London-based knitwear designer, Adeela Salehjee, tells us how she weaves sustainability into the very fabric of her fashion brand.

When did your passion for fashion begin?

Adeela Salehjee: I think it’s always been part of my DNA. From the age of five, I had an opinion about what I was going to wear to nursery! My mother tells me every morning was a struggle as I would insist to dress myself and not want to wear what she had laid out for me.

Colour has always been very important to me; it’s an attribute that can really affect your mood so I always wear colours that made me feel good.

You did your degree in Textile Design at Central Saint Martins, where you specialised in knitwear. What do you love about working with wool?

Adeela Salehjee: The ability to form textures, combine colour, and having variations of weights in one garment is exciting to work with. It’s amazing how using different needle sizes or knitting in different tensions can impact the weight of the garment and how variations of wash techniques can change the levels of softness of the design.

Tell us what inspired you to start your own business.

Adeela Salehjee: Starting an eponymous brand was always something that I wanted to do but I didn’t know when and how it would come together.

I spent every summer holiday doing internships for companies and the reality of running a fashion brand seemed challenging. I knew that I needed at least 10 years’ experience to fully understand the structure of a reputable fashion business before I was able to build a viable brand.

It was after working at Burberry as a design developer that the realisation kicked in – larger development budgets led to more waste; I believed there could be a way to implement different methods of working to create positive change.

You’ve also worked for Dior Couture, Vivienne Westwood, and Calvin Klein. What made you realise that the fashion business was flawed environmentally? And how did that make you feel?

Adeela Salehjee: Working for the bigger fashion companies opened my eyes to the fact that not only is the fashion industry as a concept flawed but also the processes can be inefficient and disconnected.

In fashion, everything is needed yesterday and that can sometimes be the cause of waste and inefficiency. There is always a ‘fashion emergency’ because someone changed their mind or the trend in the market changed last-minute and everyone is running that extra mile to ‘make it work’ with no expense spared.

I always felt an element of guilt for having to make someone work extra hours or take an overnight flight to hand-carry samples from across the continent.

What are you doing now to change that?

Adeela Salehjee: Our primary goal is to work with available raw materials and streamlined supply chains ensuring that our end-to-end process is sustainable. If something is unavailable, we simply swap it for something that is in line with our collection’s inspiration.

By using available raw materials, we avoid incurring excess waste at the end of every season and vertical supply chains help to eliminate the transport of raw materials to the factory – reducing one step of airfreight.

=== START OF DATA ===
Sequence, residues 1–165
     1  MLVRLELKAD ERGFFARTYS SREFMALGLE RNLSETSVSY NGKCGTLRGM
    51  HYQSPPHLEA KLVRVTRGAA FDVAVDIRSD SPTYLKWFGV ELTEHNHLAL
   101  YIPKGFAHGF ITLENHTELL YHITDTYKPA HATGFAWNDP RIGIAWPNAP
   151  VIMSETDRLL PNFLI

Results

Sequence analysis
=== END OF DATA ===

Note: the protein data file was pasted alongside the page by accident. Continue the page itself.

We believe in making mindful decisions in each process from design and development to production.

And how do you source your textiles?

Adeela Salehjee: We source our cashmere, merino wools, alpaca, and cottons from handpicked sustainable suppliers around the world. Each spool of yarn and therefore garment can be traced back directly to the animal from which it came.

We also love that the well-being of the goats is given consideration (goats bred for cashmere are sometimes shorn in winter and die of cold stress). The goats that we use are brushed during the springtime giving them the warm summer months to grow their fleece back before the cold winter months when the temperature drops to -30 degrees.

We love that you can trace what you wear back to the animal it came from – and to know it was treated humanely. Speaking of low temperatures, what can we look forward to in your Autumn/Winter 2021 collection – and has the pandemic shaped your design choices?

Adeela Salehjee: Yes, absolutely – we’ve focused on a relaxed lounge capsule in a super soft cotton-cashmere blend. Silhouettes consist of a colour-blocked hoody, crew neck, and track pants to target the work-from-home culture that has arisen from the pandemic.

Our 100% cashmere capsule has a raglan blocked Vee neck, a cosy shawl cardigan, and a range of gemstone  embellished beanie hats and fingerless gloves. All pieces have been given careful consideration so the tops can be paired easily with the bottoms.

The colours range from tones of neutrals to shades of blue with accent pop colours keeping the pieces versatile with an element of fun!

They sound very chic and cosy – perfect for those WFH Zoom meetings! Finally, what inspires you creatively?

Adeela Salehjee: Textures, patterns, and colours from whimsical birds, rainbows, flowers, and gemstones. Beautiful colours and how they sit next to each other remains a key focus in all our collections.

My driving force is to create beautiful pieces whilst remaining mindful of how the creation of my designs affect the environment.


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